Hamilton pitted at the end of Lap 25 from the lead, emerging just ahead of Bottas, who was taking his soft tires deep into the race before stopping. Hamilton was told not to hold Bottas up, only to immediately put the hammer down and pull clear out front once again.
Bottas was brought in by Mercedes at the end of Lap 32, taking a set of super-soft tires that would give him a pace advantage in the closing stages. The Finn emerged from the pits in fourth place, behind Vettel and ahead of Verstappen, and had 18 laps to try and capture a podium finish.
Bottas was able to quickly whittle away the gap to Vettel, who began to struggle with his tires entering the closing stages. After a side-by-side battle, Bottas was ultimately able to dispose of Vettel with seven laps to go, but soon turned his attention to Raikkonen in second.
Just as Bottas appeared to be running out of laps to catch up, Raikkonen suffered a front-left tire failure that forced him to limp back to the pits and drop back, handing Bottas second place.
Further drama hit Ferrari just one lap later when Vettel appeared to suffer a similar failure, albeit with further to make it home to the pits, causing him to fall all the way back to sixth place.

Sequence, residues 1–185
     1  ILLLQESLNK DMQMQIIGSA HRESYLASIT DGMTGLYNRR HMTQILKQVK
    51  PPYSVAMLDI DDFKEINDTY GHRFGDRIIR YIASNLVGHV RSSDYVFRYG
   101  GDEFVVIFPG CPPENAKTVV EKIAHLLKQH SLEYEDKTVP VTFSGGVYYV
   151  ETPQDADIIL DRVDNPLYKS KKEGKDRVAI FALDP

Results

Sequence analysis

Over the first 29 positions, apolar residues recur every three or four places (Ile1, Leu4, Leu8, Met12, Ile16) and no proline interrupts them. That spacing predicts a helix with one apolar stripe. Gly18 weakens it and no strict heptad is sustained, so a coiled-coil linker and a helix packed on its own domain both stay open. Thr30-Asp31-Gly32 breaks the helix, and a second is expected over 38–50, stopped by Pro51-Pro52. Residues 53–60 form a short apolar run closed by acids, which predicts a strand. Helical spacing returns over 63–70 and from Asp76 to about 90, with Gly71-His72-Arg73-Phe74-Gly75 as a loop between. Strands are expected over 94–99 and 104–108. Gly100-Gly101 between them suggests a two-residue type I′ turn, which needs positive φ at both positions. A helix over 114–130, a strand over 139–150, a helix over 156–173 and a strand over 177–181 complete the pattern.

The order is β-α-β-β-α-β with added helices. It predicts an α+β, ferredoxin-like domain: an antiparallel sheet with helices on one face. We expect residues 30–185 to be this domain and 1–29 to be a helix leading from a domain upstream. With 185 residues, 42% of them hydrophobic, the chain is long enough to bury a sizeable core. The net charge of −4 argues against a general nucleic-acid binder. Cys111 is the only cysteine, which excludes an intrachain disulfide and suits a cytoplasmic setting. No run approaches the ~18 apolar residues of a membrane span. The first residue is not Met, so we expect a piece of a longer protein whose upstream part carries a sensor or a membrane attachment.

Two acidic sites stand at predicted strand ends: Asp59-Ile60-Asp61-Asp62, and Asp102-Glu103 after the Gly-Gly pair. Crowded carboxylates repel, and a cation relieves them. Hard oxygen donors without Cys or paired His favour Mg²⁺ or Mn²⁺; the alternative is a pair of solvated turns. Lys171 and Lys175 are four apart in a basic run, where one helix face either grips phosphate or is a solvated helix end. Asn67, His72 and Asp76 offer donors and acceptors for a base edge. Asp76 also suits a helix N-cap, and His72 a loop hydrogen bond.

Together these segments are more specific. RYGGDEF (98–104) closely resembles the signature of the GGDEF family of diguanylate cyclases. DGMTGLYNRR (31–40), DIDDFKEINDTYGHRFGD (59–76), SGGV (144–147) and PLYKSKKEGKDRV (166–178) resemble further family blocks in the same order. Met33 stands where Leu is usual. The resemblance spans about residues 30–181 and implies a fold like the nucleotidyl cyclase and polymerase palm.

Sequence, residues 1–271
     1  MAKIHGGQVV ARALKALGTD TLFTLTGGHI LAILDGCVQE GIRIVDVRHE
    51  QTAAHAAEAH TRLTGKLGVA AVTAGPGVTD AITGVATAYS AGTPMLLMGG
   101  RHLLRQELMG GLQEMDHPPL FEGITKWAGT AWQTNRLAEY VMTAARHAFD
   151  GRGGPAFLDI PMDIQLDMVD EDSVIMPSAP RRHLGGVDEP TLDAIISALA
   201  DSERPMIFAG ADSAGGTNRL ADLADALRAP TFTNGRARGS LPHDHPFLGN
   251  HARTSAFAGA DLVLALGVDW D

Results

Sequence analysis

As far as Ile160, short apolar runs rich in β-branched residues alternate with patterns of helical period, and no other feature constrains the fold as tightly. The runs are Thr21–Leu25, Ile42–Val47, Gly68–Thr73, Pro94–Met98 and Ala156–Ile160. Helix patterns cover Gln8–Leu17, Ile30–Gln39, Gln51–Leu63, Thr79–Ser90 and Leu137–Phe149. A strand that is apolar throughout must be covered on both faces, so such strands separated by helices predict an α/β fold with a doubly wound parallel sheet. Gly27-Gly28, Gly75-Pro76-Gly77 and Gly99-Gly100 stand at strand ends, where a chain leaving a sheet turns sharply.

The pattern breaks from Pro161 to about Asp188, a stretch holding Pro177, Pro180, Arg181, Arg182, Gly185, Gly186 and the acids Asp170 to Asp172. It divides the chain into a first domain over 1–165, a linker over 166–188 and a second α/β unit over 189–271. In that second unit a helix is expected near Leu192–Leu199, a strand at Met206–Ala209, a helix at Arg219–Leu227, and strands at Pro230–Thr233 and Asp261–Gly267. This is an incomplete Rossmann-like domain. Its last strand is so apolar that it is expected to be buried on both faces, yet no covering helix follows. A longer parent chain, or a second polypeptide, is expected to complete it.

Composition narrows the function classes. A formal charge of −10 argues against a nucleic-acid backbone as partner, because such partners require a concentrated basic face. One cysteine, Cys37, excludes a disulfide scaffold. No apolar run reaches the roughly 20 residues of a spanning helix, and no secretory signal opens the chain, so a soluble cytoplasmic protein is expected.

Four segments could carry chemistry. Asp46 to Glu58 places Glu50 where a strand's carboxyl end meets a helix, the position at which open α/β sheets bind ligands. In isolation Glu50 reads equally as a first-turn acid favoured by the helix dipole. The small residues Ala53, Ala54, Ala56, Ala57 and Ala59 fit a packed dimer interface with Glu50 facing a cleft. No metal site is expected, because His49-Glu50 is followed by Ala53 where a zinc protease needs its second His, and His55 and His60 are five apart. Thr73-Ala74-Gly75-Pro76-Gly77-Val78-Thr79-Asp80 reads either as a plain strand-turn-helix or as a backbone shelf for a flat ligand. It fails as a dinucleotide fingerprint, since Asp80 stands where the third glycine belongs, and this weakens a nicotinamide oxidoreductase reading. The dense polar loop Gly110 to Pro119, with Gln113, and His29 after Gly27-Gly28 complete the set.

At the front, Hamilton had very little to do besides negotiate traffic and ensure he made no mistakes, looking after his tires and car through the closing stages.
With 51 laps in the book, Hamilton crossed the line to clinch his fifth Silverstone victory and end a two-race absence from the podium, moving to within one point of Vettel at the top of the standings.
Bottas took second place, 14 seconds behind Hamilton, while Raikkonen managed to complete the podium ahead of Max Verstappen.
The team owners, drivers and engineers believed the 17-turn, 3.067-mile race course that winds and twists its way through a gated private community (about 45 minutes southeast of Palm Springs) had no relevance to any track on the 17-race schedule.
To the leaders of IndyCar, however, there was plenty of relevance to hosting its “Spring Training” at a sort of motorsports country club that caters to extremely wealthy residents who also are automotive enthusiasts.
“Both with our stakeholders and the media that covers IndyCar, we wanted them to know that we are going to do things differently,” Penske Entertainment CEO Mark Miles told NBC Sports from the private VIP viewing area that overlooks the long straights and twisting turns of the course. “This is going to be a year when we expect our growth to go to a whole new level.